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Prometheus Chained by Vulcan by Dirck van Baburen

    Prometheus Chained by Vulcan by Dirck van Baburen

    Prometheus Chained by Vulcan by Dirck van Baburen was created in 1623. The painting is in Rijksmuseum, Amsterdam. The size of the work is 201 x 182 cm and is made as an oil on canvas.

    Prometheus stole fire from the gods and gave it to mankind. As punishment, Vulcan chained him to a rock, where an eagle pecked out his liver causing him excruciating pain. Here we see Prometheus being chained, his face contorted with fear, while Mercury laughs at him. Van Baburen borrowed the dramatic illumination and the figure’s sunburned hands and faces from his great model Caravaggio.

    Van Baburen’s Prometheus Chained by Vulcan is a much more elaborate version of the subject than Rubens’s painting now in Philadelphia. The artist or his advisers may have derived the three central figures and the comic tone from Lucian’s satiric dialogue. The still life of protractor, compasses and books may have been suggested by Aeschylus’ play… (read more in in Rijksmuseum)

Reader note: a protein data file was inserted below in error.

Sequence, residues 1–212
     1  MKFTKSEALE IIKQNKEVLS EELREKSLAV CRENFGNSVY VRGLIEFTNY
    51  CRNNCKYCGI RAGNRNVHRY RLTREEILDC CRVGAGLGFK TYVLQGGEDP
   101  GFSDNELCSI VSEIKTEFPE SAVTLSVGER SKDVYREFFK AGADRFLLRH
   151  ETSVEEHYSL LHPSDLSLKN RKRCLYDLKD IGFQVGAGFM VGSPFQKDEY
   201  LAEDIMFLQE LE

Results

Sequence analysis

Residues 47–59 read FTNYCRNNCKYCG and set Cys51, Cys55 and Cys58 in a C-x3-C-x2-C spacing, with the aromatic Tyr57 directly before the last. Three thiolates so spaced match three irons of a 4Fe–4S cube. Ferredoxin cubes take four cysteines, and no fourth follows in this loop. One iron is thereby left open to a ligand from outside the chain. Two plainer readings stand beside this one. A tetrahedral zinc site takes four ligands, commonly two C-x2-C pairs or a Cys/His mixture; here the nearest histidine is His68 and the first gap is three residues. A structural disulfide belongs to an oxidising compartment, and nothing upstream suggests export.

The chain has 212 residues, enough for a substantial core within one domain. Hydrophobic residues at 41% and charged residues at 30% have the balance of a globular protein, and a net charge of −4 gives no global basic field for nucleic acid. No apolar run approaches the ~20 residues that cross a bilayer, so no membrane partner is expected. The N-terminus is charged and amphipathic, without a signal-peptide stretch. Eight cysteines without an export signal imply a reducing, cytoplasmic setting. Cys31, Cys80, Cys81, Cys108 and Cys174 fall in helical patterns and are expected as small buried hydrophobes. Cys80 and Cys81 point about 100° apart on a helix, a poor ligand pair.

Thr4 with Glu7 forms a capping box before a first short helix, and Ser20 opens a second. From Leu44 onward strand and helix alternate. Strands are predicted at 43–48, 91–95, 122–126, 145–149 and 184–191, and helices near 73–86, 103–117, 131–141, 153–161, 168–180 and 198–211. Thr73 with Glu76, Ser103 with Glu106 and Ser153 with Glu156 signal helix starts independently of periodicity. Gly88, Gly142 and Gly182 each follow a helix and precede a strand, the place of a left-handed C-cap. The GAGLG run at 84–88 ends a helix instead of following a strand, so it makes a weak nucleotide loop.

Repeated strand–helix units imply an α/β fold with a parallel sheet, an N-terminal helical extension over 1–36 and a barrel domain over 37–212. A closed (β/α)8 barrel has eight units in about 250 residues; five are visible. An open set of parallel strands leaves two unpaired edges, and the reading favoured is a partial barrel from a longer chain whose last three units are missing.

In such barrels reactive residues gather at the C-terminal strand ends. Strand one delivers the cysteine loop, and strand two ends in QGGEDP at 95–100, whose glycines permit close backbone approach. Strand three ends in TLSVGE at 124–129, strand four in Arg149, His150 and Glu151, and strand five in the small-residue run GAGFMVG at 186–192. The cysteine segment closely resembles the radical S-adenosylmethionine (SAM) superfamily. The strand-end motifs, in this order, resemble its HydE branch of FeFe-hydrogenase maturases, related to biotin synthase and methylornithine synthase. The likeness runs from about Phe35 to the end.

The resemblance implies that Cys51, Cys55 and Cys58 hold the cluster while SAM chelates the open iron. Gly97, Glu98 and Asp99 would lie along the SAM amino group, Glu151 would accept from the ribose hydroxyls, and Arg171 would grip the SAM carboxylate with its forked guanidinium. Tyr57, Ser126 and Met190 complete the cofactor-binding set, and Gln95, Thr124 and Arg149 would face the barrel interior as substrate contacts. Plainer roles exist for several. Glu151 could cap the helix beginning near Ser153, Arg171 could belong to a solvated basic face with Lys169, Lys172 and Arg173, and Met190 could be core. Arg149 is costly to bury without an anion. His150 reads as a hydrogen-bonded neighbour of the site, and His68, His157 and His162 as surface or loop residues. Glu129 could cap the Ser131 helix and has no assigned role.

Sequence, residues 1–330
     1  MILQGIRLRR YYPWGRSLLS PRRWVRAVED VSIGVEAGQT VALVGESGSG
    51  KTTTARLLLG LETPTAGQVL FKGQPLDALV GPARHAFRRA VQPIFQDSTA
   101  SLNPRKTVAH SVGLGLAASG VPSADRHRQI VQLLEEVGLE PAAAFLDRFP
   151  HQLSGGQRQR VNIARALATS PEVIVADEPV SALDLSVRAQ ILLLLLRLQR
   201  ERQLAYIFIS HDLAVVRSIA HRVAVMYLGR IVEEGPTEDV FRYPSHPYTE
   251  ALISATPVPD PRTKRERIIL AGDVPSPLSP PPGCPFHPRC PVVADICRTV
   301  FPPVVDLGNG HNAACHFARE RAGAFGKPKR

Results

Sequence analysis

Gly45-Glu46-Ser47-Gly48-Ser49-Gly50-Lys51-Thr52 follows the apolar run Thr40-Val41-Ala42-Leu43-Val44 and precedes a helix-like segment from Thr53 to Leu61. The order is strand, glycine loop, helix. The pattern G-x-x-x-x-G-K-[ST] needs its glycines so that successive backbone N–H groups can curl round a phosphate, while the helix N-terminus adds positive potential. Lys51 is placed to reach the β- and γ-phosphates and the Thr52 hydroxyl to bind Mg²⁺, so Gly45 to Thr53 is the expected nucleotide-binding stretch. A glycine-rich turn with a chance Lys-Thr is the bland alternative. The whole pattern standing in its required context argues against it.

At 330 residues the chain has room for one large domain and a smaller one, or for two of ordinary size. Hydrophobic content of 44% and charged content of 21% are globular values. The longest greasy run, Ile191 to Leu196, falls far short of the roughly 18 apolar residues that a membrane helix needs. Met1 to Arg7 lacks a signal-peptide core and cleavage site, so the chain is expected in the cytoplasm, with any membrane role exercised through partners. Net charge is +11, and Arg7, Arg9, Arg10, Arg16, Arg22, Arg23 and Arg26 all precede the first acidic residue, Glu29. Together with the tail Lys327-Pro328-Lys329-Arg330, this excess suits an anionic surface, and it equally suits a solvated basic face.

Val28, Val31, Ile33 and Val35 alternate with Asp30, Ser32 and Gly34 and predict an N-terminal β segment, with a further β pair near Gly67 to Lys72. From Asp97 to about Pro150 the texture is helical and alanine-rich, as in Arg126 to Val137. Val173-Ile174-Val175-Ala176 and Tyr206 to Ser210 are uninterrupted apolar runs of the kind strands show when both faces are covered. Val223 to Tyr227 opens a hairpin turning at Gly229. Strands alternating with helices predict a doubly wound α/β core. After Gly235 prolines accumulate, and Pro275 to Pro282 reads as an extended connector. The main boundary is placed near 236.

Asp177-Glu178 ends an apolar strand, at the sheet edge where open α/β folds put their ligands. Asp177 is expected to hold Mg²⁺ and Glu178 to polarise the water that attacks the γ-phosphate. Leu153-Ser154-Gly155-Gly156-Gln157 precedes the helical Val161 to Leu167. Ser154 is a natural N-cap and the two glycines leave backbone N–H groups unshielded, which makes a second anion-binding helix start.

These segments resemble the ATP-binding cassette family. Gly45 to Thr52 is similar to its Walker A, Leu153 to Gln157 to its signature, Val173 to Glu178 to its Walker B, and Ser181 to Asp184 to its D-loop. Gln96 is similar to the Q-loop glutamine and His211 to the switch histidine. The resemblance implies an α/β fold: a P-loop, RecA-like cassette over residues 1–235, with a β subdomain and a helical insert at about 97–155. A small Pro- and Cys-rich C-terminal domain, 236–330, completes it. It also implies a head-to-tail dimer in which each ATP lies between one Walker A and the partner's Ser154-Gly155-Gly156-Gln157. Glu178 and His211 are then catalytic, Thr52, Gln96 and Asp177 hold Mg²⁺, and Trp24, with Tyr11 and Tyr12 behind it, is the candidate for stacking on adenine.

About the Artist: Dutch Baroque painter Dirck van Baburen was born in Wijk bij Duurstede in 1595. His father was a Jasper van, Utrecht council. In 1611, he started taking painting lessons from Paulus Moreelse, a painter of portraits and historical subjects. Probably in later years he became an apprentice of the painter. In 1612 he went to Rome and was influenced by Caravaggio’s dramatic shadowing and the use of light… Read more

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